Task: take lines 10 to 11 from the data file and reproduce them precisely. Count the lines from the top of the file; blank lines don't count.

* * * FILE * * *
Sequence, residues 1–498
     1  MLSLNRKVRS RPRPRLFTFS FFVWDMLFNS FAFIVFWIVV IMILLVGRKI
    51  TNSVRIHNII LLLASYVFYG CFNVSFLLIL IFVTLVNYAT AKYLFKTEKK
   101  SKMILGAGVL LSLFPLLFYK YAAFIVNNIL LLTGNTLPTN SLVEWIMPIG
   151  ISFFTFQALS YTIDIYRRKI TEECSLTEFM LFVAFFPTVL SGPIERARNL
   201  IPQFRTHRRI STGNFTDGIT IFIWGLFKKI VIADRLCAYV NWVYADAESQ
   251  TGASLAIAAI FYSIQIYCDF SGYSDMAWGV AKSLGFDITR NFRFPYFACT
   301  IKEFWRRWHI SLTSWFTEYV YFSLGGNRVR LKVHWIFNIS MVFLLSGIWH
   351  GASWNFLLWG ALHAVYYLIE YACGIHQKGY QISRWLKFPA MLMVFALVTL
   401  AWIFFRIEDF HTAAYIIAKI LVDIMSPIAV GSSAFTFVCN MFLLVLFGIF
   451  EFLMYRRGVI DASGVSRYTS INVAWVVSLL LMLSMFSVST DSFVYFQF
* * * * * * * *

   401  AWIFFRIEDF HTAAYIIAKI LVDIMSPIAV GSSAFTFVCN MFLLVLFGIF
   451  EFLMYRRGVI DASGVSRYTS INVAWVVSLL LMLSMFSVST DSFVYFQF